Fremantle’s Economic Development position and strategy

FomoFreo – coming soon…

A very interesting agenda item is coming to the FPOL committee this week. The Economic Development Strategy, developed in 2015, is coming to an end and it is an opportunity to review and reset the strategy.

Below is an interesting excerpt from the report, which outlines the wider economic climate, and the specific conditions, successes and challenges in Fremantle.

I have been thinking for some time about what new employment opportunities and economic drivers are growth opportunities for Fremantle? Hospitality and tourism are obvious. Arts, culture, education and the creative / knowledge sectors as well as the maritime industry are also a natural fit. Do you have any other ideas?

Take a look at the background information below and feel free to leave a comment with your economic development ideas for Fremantle. And while you’re at it, make sure you shop local and support our local economy during these challenging times. 

Excerpt from FPOL Agenda on economic development:

Economic outlook for Western Australia

Although the Western Australian economy is showing early signs of recovery, it is widely accepted that it will take time for the local economy including small businesses to benefit from this recovery.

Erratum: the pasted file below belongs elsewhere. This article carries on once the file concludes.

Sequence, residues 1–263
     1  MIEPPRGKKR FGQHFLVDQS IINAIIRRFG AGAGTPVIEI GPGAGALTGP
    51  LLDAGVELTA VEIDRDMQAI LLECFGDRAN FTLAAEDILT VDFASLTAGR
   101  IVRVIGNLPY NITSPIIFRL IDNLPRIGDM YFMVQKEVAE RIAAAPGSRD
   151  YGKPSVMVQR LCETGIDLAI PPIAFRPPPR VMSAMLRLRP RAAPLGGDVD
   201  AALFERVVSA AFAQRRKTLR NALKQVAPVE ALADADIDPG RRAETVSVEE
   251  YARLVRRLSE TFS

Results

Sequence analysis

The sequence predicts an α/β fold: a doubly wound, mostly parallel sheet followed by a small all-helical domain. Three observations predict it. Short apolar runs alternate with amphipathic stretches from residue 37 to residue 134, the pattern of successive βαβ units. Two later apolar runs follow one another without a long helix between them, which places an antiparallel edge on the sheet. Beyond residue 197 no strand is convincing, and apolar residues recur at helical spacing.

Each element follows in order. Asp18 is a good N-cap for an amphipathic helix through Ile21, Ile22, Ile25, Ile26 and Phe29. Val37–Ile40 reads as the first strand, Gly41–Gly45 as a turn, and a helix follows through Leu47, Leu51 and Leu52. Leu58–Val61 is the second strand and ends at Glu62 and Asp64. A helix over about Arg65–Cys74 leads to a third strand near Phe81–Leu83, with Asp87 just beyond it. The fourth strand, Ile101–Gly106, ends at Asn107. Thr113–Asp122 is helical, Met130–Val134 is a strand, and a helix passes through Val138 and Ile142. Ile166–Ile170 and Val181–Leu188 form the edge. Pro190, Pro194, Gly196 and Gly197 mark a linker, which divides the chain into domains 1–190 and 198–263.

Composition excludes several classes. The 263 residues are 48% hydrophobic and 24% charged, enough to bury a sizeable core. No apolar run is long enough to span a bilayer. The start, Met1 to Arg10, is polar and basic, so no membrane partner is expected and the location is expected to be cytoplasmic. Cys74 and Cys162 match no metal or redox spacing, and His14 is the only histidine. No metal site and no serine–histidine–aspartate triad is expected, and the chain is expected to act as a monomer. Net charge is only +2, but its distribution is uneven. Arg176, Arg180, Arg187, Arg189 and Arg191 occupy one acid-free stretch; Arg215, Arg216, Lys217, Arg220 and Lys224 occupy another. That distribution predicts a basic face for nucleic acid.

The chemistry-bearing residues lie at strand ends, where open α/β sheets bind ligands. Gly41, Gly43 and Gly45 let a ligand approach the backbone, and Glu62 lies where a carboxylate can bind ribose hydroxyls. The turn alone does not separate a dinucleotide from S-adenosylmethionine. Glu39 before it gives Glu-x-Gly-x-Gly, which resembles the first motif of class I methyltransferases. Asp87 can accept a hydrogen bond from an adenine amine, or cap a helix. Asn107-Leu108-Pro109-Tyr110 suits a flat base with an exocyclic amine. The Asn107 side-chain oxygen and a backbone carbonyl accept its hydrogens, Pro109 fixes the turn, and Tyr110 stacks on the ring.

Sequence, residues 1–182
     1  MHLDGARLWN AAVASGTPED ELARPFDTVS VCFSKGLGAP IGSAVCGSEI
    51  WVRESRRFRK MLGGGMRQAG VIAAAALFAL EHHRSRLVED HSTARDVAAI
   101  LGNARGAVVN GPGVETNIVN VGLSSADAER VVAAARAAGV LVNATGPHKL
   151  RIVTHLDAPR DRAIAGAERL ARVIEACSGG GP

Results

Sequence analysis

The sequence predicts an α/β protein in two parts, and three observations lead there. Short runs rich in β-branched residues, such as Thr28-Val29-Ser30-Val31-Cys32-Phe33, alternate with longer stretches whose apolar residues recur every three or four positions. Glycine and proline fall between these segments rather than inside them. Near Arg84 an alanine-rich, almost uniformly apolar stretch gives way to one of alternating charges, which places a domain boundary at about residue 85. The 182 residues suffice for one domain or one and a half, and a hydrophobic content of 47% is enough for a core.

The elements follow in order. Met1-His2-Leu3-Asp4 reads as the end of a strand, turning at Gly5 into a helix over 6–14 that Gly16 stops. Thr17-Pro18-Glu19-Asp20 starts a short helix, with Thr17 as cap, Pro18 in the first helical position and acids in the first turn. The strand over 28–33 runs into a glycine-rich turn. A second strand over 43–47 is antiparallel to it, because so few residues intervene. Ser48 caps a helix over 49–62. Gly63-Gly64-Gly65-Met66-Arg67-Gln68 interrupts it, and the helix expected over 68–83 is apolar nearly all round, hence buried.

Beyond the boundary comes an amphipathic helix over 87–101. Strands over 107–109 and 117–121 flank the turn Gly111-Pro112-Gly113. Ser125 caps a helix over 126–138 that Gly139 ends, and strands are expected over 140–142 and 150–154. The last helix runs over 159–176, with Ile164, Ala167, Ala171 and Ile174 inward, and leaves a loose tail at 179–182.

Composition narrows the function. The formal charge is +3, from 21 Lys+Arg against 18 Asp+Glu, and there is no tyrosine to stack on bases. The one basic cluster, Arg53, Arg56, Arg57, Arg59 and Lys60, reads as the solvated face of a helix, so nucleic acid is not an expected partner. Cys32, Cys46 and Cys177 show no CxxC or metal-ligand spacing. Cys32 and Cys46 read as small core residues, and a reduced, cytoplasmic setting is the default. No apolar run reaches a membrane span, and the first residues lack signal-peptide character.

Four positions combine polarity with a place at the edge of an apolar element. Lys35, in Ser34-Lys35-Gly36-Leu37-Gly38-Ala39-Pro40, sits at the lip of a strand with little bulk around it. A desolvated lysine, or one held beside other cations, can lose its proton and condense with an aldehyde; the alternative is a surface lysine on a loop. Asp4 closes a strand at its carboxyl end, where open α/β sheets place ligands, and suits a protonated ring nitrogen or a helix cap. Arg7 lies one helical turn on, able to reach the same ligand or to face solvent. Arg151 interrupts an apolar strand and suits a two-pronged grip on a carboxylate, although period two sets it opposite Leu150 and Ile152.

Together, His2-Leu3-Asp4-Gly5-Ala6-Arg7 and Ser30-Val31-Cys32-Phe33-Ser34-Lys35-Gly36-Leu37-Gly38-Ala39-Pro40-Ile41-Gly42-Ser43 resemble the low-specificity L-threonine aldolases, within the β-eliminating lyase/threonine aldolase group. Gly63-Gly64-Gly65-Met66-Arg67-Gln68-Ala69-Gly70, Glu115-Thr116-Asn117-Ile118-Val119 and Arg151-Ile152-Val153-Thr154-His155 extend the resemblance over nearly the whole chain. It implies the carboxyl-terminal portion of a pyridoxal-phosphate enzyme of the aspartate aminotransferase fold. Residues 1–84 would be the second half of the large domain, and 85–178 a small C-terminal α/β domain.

The recent ComSec State of the States December 2018 report ranks WA’s economy as the second weakest nationally across a range of national indicators.

Of particular concern are the low State Final Demand and Disposable Income per Capita numbers from WA Treasury that reflect lower discretionary spending on retail, food & beverage and services.

The Chamber of Commerce and Industry WA (CCIWA) released the results of surveys relating to business confidence[1]and consumer confidence[2]for the March quarter of 2019.

CCIWA flagged weak demand as the largest barrier to business growth in line with survey results and attributed this to dampened consumer spending. The CCIWA consumer confidence survey for the same period reported that two out of three WA consumers considered it unlikely that they would make any major household purchases next quarter. CCIWA went on to say consumers remain cautious about increasing spending with the primary reason being cost of living pressures.